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by Harald Röbbeling

grade: 8

Asphalt takes its cue from some real-life stories and adopts a mise-en-scene that closely resembles Neorealism. And so, the result is a film divided into five episodes, incredibly rational in its irrationality. A film that openly speaks out against the war and – although the war has been over for many years now – points the finger directly at a hypocritical and conservative society. .

What will happen to young people?

Asphalt, directed by Harald Röbbeling in 1951, stands as a true gem within Austrian cinema. Yet, in order to best frame a feature film like this, one must make a few considerations about the historical period in which it was shot.

Thus, if throughout the 1930s and 1940s Austrian cinema was predominantly centred on the production of so-called Wiener Films – often romantic or musical comedies set in the world of the upper middle class – then after World War II, although these films represented an important part of the national film production, the music changed. And with a great desire for renewal, new film languages began to be experimented with in absolutely unconventional stories. Thus, alongside ‘extreme’ artistic movements such as Viennese Actionism or, quite simply, experimental cinema, there are a series of feature films that tell of, for example, ‘the other face of Vienna’, that is, certain realities far different from the dancing and colourful Vienna that we have seen in the Wiener Films for years, concerning in particular certain people living on the margins of society and who, in the immediate post-war period, were struggling to find their own balance and place in the world.

Thus, the famous Viennese Girls belongs to this movement, as does Asphalt, which, similarly to its contemporary works, draws heavily on the Italian Neorealism that was at its height in those years. Cinema of reality, then, by new ways of using the camera and of understanding cinema itself, aimed, in this case, at shocking the spectator and impressing him to the core.

Asphalt, then, is based on some real-life stories. To this end, the director – here also author of the screenplay – exploited some police reports that documented certain facts exclusively concerning teenagers. Thus, the result is a film divided into five episodes, interspersed with the voices of commentators and journalists who, from time to time, before introducing a new episode, make a few remarks concerning the reasons why young people break the law and harm themselves and others.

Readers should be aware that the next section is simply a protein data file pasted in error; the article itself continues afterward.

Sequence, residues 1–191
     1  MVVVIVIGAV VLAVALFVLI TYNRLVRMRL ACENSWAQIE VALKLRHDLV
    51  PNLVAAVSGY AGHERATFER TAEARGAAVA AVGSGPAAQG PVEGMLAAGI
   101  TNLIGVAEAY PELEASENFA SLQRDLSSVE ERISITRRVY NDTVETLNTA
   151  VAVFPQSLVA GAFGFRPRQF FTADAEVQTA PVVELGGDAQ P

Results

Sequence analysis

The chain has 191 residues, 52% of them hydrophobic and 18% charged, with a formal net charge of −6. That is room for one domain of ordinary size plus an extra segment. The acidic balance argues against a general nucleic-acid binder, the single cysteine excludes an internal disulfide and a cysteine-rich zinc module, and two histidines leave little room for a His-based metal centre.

These are the stories of Erika, a seventeen-year-old girl who works as a dancer in a night club, Walter, a thirteen-year-old boy whose father has been arrested and who, in order to help his family financially, starts stealing, Gabriele, a girl from a good family who, having become pregnant, knows that her parents are not at all willing to help or understand her, Karl, a boy who is teased and bullied by everyone, and Helli, who, forced by her mother to get money by selling stolen flowers at the cemetery, soon ends up in shady business.

Five stories, then, for five different situations connected only by a great loneliness and a great need for love. And the director, for his part, although aware of the numerous problems that a film like Asphalt would have had with censorship, shows us reality as it is. A direction that, in a Zavattini-like manner, follows the protagonists during their days, alternates with a often rotating camera, with a lot of oblique and disorienting shots, similar to what the great Jean Vigo did in 1930 in his masterpiece À propos de Nice.

Strong emotions, then, accompany the audience throughout the entire screening of the film. A dark and disenchanted feature film, within which there is no hope for a better future. And the very age of the young protagonists becomes deeply emblematic, together with the use of black and white and the clear prevalence of shadows over light, with even scenes shot at night in which we see the youngsters walking desperately through the streets of the city.

A film, Asphalt, which is quite hard and incredibly rational in its irrationality. A film that openly speaks out against the war and – although the war has been over for many years now – points its finger directly at a hypocritical and conservative society, within which a dangerous latent fascism still seems so alive and pulsating. Young people are driven to delinquency and a dissolute life. But who, in reality, are the real culprits? Harald Röbbeling has no doubt about that. And he has expressed his theories in a powerful, shouted, angry, painful feature film that, in its particular artistic expression, seems to us, today, so incisive, so precious, so tremendously fascinating.

Original title: Asphalt
Directed by: Harald Röbbeling
Country/year: Austria / 1951
Running time: 85’
Genre: drama, ensemble movie
Cast: Johanna Matz, Viktor Gschmeidler, Milan von Kamare, Anni Korin, Helmut Krauss, Edith Meinel, Inge Novak, Hannes Schiel, Franz Bernd, Reinhold Siegert, Heinz Farda, Maria Eis, Oskar Hugelmann, Albert Strouhal, Ernst Waldbrunn, Otto Weinert, Elfriede Garden, Margarete Fries, Harry Hardt, Martin King, Kurt Vittek, Monika Sigmund, Otto Wögerer, Lilly Karoly, Edith Zogelmann, Elisabeth Epp, Curt Eilers, Heinrich Ortmayer, Helmut Janatsch, Hans Frank, Stella Kadmon, Erich Maria Schill, Rita Ballner, Theodor Grieg, Franz Herterich, Renée Krystufek
Screenplay: Harald Röbbeling
Cinematography: Walter Partsch
Produced by: Savoy

Info: the page of Asphalt on iMDb; the page of Asphalt on